Upon joining the Church, I quickly learned that one of the people who had been most influential in my conversion was gay. He was very active in the Church, coming from a very active, large, mostly typical LDS family.
We bonded over our different marginalizations- me being so new, and him being gay. We both had a deep and sincere desire to be faithful and believing, and we both struggled at times to be so. His friendship was a great blessing to me- I felt that I could tell him anything. I hope that my friendship was a blessing to him as well.
But it’s a tricky course to navigate. I knew that I believed in the Church, which taught that homosexual actions were unequivocally wrong. I knew that I believed in the importance of the family and that gay couplehood did not fit into my picture of ideal familial life. But I also knew that my friend was honestly attracted to men, and I knew that he didn’t choose to be so. I knew that he tried for years to “pray the gay away” (it doesn’t work, FYI). I knew that he was doing just about everything one is “supposed to” when attempting to rid themselves of an affliction or temptation. And, although I professed to believe the opposite, I knew those things would never work. The atonement can heal us physically and spiritually, give us strength, and refine our natures. But it does not turn gay people straight.
I campaigned for California Proposition 8 in 2008. I don’t really care if gay marriage is legal or not, and I didn’t really care then either. But we received a letter from the First Presidency asking us to donate our means and our time to help it pass, and I did what i was asked. For me it was about following the prophet, not about the “sanctity” of marriage. When the Proposition passed, I felt relieved- not because it had been successful, but because then I would be free to go back to not caring about the issue. I don’t feel bad about my involvement in that campaign, but I don’t feel good about it either.
My friend cut ties from the Church a few years out of high school. This was a hard revelation for me, as he had been so paramount in the early development of my testimony. I didn’t want to be Mormon without the support of one of my very dearest friends. It is shaking when people stop believing, or when people stop pretending to believe.
I was, at first, uninterested in knowing about his “gay” life. I still loved him, enjoyed him, and wanted him to be happy, but I didn’t feel like I could love the “gay” part of him. I felt that it wasn’t part of who he really was, and the last thing I wanted to do was encourage it. I found out that he had a steady boyfriend and did not want to know anything about him or about their relationship.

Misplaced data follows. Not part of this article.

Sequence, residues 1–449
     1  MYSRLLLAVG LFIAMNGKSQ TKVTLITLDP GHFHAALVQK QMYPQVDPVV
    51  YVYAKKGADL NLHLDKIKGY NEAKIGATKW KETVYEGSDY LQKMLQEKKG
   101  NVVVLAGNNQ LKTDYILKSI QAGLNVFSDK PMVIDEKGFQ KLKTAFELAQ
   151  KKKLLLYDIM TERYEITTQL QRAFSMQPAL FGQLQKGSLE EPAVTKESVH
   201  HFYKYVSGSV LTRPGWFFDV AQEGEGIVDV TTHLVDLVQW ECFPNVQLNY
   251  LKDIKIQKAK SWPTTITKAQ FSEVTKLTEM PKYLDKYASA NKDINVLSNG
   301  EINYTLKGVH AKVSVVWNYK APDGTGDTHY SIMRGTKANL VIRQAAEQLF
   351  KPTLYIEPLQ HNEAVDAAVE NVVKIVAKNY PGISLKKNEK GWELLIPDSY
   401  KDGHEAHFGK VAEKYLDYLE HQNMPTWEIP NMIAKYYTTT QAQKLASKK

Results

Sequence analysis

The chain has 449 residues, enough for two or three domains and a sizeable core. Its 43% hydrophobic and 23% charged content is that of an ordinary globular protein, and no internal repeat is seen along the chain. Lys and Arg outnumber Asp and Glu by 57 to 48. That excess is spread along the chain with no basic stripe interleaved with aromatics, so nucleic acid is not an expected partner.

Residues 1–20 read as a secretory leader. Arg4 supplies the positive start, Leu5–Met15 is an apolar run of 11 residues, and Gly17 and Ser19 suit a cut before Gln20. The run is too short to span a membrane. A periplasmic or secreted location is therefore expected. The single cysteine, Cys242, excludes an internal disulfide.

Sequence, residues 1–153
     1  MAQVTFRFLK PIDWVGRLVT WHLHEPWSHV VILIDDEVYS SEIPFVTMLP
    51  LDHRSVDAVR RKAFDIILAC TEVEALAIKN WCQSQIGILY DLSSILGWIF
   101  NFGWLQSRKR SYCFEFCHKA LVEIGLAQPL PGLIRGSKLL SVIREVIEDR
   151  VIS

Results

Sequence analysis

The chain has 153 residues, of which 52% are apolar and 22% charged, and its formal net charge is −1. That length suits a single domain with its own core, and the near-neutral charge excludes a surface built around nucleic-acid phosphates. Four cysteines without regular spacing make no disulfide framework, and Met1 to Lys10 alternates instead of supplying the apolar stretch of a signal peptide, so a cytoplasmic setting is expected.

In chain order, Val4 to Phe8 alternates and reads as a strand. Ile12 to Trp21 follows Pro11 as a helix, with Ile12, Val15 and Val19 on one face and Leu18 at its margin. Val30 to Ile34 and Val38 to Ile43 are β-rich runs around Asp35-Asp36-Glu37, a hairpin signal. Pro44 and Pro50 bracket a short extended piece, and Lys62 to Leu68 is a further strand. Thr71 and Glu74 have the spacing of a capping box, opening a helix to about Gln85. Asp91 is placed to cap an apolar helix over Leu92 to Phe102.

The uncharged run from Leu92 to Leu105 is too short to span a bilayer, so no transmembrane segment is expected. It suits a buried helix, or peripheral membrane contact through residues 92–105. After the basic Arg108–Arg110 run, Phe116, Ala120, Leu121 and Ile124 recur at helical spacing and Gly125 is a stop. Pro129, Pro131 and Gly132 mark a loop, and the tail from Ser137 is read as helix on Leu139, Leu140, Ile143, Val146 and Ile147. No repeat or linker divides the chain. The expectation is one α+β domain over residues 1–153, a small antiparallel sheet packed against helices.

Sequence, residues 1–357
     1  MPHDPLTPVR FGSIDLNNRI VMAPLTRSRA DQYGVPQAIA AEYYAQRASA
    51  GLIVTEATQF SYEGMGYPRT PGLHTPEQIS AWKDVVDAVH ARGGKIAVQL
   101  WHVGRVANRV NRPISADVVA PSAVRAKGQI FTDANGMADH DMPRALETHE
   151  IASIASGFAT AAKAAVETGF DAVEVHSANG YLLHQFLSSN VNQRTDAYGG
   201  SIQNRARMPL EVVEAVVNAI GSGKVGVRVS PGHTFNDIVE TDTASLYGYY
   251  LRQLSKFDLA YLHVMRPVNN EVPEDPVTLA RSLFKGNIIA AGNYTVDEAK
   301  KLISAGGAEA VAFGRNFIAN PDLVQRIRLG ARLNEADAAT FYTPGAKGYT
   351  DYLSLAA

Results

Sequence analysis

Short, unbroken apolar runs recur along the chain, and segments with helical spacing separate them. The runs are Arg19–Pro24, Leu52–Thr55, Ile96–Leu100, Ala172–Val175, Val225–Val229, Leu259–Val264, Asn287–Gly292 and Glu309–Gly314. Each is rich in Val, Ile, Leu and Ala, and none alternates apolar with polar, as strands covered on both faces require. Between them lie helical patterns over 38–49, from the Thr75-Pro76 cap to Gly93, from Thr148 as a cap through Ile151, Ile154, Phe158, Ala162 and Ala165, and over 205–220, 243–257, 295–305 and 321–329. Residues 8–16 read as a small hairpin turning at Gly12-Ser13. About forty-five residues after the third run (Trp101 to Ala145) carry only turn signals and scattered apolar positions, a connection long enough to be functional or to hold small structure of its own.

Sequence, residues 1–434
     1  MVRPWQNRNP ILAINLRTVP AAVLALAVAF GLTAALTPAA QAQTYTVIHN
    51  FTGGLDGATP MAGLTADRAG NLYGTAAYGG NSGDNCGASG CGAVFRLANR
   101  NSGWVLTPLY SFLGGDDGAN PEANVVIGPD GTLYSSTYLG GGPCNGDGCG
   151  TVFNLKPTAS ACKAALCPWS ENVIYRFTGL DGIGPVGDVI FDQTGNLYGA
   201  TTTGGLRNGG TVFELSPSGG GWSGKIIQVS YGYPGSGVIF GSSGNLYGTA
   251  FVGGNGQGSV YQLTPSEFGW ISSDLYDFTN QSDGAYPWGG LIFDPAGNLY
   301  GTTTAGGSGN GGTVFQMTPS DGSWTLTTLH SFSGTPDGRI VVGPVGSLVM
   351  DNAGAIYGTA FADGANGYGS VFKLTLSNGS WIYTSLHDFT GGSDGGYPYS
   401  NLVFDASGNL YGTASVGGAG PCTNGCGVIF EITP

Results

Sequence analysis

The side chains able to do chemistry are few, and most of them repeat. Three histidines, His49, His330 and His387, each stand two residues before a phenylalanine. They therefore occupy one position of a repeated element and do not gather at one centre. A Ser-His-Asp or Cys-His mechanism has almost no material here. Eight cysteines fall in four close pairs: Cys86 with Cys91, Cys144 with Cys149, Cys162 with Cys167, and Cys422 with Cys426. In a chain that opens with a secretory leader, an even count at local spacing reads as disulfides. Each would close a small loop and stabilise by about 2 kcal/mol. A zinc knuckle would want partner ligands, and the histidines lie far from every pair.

I don’t know what prompted it, but I can still remember the moment that I decided that I was okay with him being gay. I realized that his boyfriend at the time was not the enemy- I realized that there was no “enemy”. I wanted to know about their life together- not because I was in support of their relationship exactly- but because one of them was my friend, and anyone who mattered to him should matter to me. Once I stopped feeling like I had to oppose their relationship in thought, word, and deed, I finally felt like I could just relax.
Even if I believe that homosexuality is immoral, what does it have to do with me if other people are active in a gay lifestyle? If I know a couple who is having premarital sex, I don’t avoid acknowledging the entirety of their relationship, even though I may not support certain aspects of it. And here is, in my opinion, one of our big cultural flaws when it comes to how we see homosexuality- given that homosexuality is sinful (for the sake of argument), we tend to define people who partake in it by that sin, as opposed to other sins, where we see people just as “dealing” with something. For example, if I broke the word of wisdom by smoking pot, I don’t think people would label me as a “pothead”, destined to a life of munching and being mellow. Smoking pot would be seen as a choice, not as a natural result of my very nature. But in the LDS culture, we tend to act as if people who are gay are only gay- that it defines them, and that when thinking of them, the fact that they like other people of their same gender, should be the basis of our attitude towards them. Being gay does not define anybody any more than being straight does.